notes

[6-8] vartu prófandi lófa benjar rauðar blóði á drottins síðu ‘you were examining with your hand the wounds red with blood in the Lord’s side’: Finnur Jónsson (Skj B) interprets lófa as if acc. pl. of lófi ‘palm, hand’, and regards both lófa and benjar as governed by prófandi. He translates the passage: du prøvede hænderne og de af blod røde sår i herrens side ‘you tested the hands and the wounds red with blood in the Lord’s side’, an interpretation which finds support in John XX.25 and esp. John XX.27 deinde dicit Thomae, infer digitum tuum huc et vide manus meas, et adfer manum tuam et mitte in latus meum ‘Then he saith to Thomas, Put in thy finger hither, and see my hands; and bring hither thy hand and put it into my side’. Kock (NN §3376) prefers to interpret lófa as dat. instr. sg.: du prövade med handen... ‘you tested with your hand...’ The latter would appear to be the correct interpretation, particularly since the image of Thomas touching Christ’s wounded side (rather than his hands) circulates as a traditional representation of the Apostle (see, e.g. Braun 1943, 774; Roeder 1956, 24; Kilström 1974, 239). The same tradition is regularly included in prayers to S. Thomas, cf. Gjerløw 1980, I, 181 (AM 241 a fol). The phrase vartu prófandi benjar ‘you were examining the wounds’ appears to recall an epithet used, for instance, in the hymn commonly sung at the Feast of S. Thomas (21 December, see Ordo Nidr. 301; cf. 495): O Thoma, Christi perlustrator lateris, per illa sancta te rogamus vulnera ... ‘O Thomas, examiner of the side of Christ, by those wounds we entreat you ...’ (AH 51, 122, no. 107, st. 3; CH, 90; DH, 113); cf. Gjerløw 1980, I, 181 [Peterborough]. The fact that Thomas is regularly referred to as Christi perlustrator lateris ‘examiner of Christ’s side’ suggests that the phrase prófandi vartu lófa blóði benjar rauðar ... á drottins síðu might alternatively be interpreted as ‘with your hand you were the examiner of the wound red with blood in the Lord’s side’.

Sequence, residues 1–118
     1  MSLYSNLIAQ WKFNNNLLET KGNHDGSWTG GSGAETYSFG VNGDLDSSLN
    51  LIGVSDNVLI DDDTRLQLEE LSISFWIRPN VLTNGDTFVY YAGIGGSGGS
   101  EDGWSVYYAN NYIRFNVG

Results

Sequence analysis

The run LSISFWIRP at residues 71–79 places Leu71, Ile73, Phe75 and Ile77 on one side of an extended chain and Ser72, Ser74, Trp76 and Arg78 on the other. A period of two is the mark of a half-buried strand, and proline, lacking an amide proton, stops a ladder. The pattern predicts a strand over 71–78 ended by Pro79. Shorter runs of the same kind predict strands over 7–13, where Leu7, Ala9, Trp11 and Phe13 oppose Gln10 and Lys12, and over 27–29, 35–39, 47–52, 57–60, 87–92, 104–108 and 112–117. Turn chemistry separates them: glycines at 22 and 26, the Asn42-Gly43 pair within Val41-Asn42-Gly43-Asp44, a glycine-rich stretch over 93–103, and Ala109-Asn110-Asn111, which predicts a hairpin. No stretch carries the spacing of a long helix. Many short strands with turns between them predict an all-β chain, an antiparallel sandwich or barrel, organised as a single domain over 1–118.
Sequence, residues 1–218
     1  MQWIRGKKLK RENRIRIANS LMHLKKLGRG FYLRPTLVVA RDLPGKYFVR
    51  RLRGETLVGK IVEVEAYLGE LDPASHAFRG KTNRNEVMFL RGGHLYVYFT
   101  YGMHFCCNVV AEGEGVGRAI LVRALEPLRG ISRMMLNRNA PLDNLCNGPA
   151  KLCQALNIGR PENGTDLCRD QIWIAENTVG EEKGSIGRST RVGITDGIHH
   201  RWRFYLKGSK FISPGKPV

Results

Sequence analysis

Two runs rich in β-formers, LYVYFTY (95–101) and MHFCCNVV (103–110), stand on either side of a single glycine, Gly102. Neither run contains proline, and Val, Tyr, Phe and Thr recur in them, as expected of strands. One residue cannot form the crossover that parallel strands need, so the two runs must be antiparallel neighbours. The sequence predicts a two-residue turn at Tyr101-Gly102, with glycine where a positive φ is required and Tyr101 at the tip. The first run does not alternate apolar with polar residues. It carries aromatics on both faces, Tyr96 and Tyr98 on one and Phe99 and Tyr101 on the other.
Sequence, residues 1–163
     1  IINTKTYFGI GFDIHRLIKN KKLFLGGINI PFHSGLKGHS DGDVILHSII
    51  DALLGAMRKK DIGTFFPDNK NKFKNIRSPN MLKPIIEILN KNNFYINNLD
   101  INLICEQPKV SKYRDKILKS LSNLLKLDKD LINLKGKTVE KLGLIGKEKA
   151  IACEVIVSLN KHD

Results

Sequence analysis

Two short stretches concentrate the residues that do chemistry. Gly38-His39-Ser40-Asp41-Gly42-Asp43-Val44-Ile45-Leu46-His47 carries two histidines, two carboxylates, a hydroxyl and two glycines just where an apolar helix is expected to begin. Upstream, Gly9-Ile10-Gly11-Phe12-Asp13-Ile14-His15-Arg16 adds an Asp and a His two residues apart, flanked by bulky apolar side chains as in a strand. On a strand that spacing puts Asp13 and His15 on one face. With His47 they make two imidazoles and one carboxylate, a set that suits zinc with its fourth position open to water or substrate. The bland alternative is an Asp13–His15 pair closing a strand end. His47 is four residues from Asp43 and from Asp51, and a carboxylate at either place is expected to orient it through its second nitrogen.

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benjar ‘the wounds’

1. ben (noun f.; °-jar, dat. -; -jar , gen. -a(var. EiðKrC 402¹³: AM 77 4°— “D”)): wound

notes

[6-8] vartu prófandi lófa benjar rauðar blóði á drottins síðu ‘you were examining with your hand the wounds red with blood in the Lord’s side’: Finnur Jónsson (Skj B) interprets lófa as if acc. pl. of lófi ‘palm, hand’, and regards both lófa and benjar as governed by prófandi. He translates the passage: du prøvede hænderne og de af blod røde sår i herrens side ‘you tested the hands and the wounds red with blood in the Lord’s side’, an interpretation which finds support in John XX.25 and esp. John XX.27 deinde dicit Thomae, infer digitum tuum huc et vide manus meas, et adfer manum tuam et mitte in latus meum ‘Then he saith to Thomas, Put in thy finger hither, and see my hands; and bring hither thy hand and put it into my side’. Kock (NN §3376) prefers to interpret lófa as dat. instr. sg.: du prövade med handen... ‘you tested with your hand...’ The latter would appear to be the correct interpretation, particularly since the image of Thomas touching Christ’s wounded side (rather than his hands) circulates as a traditional representation of the Apostle (see, e.g. Braun 1943, 774; Roeder 1956, 24; Kilström 1974, 239). The same tradition is regularly included in prayers to S. Thomas, cf. Gjerløw 1980, I, 181 (AM 241 a fol). The phrase vartu prófandi benjar ‘you were examining the wounds’ appears to recall an epithet used, for instance, in the hymn commonly sung at the Feast of S. Thomas (21 December, see Ordo Nidr. 301; cf. 495): O Thoma, Christi perlustrator lateris, per illa sancta te rogamus vulnera ... ‘O Thomas, examiner of the side of Christ, by those wounds we entreat you ...’ (AH 51, 122, no. 107, st. 3; CH, 90; DH, 113); cf. Gjerløw 1980, I, 181 [Peterborough]. The fact that Thomas is regularly referred to as Christi perlustrator lateris ‘examiner of Christ’s side’ suggests that the phrase prófandi vartu lófa blóði benjar rauðar ... á drottins síðu might alternatively be interpreted as ‘with your hand you were the examiner of the wound red with blood in the Lord’s side’.

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rauðar ‘red’

rauðr (adj.; °compar. -ari): red

notes